Weird Weather in Houston?

Weird weather is nothing unusual around here.  If you don’t like the weather in Texas, they say, just wait an hour.  Or drive to the next county.  2011 was the driest year in memory, breaking records decades old, but recently we’ve had enough rain to feel almost normal, although we’re a long way from making up for the drought.  In fact, the meteorologists tell us that may go on for a few more years.

You wouldn’t have believed that yesterday, when the sky opened up and dumped enough water to turn urban streets to rivers.  We knew a storm was coming, but when I left my house about 8:15 the sky was not particularly threatening, and I made it into Houston about 9 with no more than a scatter of rain drops on my windshield.

Fifteen minutes later the rain hit, complete with more thunder and lightning than we’ve experienced in months.  At the Scorekeeper we typically have three computers, a fax machine, a copier, and a printer running.  And a couple of radios, maybe a TV, sometimes a microwave oven.  Sudden power outages are not fun, even with the computers connected to UPS boxes.  Remarkably little gets done around the office when the electricity goes off.

We were lucky Monday.  While the power went off in swaths all over the area, trapping people in elevators and fouling up the traffic lights, we never lost electricity.  But we almost lost the garbage bin.

It rained so hard, and so fast, that the street in front of the Scorekeeper turned into a river in half an hour.  We were keeping a collective eye on the situation, because it’s happened before.  Between the rising water and the idiots driving their SUVs down the street at forty miles an hour and throwing five foot wakes, a small car doesn’t stand much of a chance.  The old Ford I drove when I first came to work for Jo Anne back in 2003 nearly drowned in a sudden, unpredicted street flood (it still ran when I sold it a few months later, but the automatic seat belt never worked again), and my Corolla narrowly escaped another.  When we looked out the window Monday morning and realized that the heavy wheeled trash can was on its side and floating away from the foot of the driveway, we knew we had a problem.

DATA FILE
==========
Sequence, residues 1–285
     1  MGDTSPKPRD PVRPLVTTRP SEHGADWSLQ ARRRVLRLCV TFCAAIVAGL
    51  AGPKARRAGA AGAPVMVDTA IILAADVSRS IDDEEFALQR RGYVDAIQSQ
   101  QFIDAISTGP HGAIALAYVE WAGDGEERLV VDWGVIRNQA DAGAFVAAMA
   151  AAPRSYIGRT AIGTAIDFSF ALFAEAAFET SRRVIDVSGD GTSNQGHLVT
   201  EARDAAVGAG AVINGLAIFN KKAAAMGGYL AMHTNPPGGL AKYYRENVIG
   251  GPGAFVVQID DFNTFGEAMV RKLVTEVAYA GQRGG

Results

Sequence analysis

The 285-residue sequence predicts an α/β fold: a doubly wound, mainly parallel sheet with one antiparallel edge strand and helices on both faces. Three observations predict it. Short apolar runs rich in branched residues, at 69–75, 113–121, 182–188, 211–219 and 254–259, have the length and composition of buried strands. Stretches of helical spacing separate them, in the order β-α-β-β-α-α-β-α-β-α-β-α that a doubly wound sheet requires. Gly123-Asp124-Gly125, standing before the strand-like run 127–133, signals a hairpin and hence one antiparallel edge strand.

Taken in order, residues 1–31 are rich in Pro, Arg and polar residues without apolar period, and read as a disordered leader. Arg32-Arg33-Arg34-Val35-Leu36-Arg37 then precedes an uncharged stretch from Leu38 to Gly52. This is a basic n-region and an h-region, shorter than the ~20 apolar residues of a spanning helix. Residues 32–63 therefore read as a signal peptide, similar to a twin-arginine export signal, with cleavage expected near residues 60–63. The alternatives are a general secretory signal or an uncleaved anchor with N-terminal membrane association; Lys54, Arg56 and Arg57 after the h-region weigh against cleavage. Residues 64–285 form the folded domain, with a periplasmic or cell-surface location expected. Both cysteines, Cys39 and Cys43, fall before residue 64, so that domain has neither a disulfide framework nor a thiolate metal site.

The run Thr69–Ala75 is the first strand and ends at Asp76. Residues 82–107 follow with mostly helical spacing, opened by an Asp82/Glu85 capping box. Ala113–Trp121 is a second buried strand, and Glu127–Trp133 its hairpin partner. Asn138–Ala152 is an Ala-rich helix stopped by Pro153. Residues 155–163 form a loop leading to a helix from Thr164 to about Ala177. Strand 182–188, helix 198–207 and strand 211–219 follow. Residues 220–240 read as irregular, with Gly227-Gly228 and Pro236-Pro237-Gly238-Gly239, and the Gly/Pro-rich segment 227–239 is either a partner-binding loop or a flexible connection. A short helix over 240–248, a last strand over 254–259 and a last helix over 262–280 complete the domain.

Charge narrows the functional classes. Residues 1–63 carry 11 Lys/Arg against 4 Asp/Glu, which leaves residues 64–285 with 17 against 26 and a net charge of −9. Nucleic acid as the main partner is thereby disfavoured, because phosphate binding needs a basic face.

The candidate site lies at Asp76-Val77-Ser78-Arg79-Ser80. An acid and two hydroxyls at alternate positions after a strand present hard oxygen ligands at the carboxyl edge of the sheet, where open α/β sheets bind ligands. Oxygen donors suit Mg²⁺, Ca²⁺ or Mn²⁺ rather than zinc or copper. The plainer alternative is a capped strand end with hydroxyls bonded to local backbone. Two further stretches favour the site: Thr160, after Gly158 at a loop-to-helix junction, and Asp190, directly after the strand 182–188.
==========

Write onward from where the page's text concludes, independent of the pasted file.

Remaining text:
Fortunately we also have Ha Tran, the third member of our office team, a young man who is always willing to take care of us.  He took off his shoes and socks, waded out into the flood to corral the renegade trash can, and moved my car to the safety of the driveway and his own to higher ground across the street.

We were lucky.  We watched the water rise in the street–and the front yard–and recede almost as quickly, from the safety of our offices.  Jo Anne’s sister-in-law spent a couple of hours stranded in a parking lot.  People around the city found themselves swimming away from their stranded cars and shovelling mud out of ground floor apartments.  (Click here for a slideshow of flood photos at the Houston Chronicle.)

This wasn’t the worst flood Houston has seen, not by a long shot.  Today was dry, and twenty degrees cooler.  If you don’t like the weather here, wait a little while.  It’ll change.  It always does.


1 Comment (+add yours?)

  1. apronheadlilly
    Jan 11, 2012 @ 00:39:35




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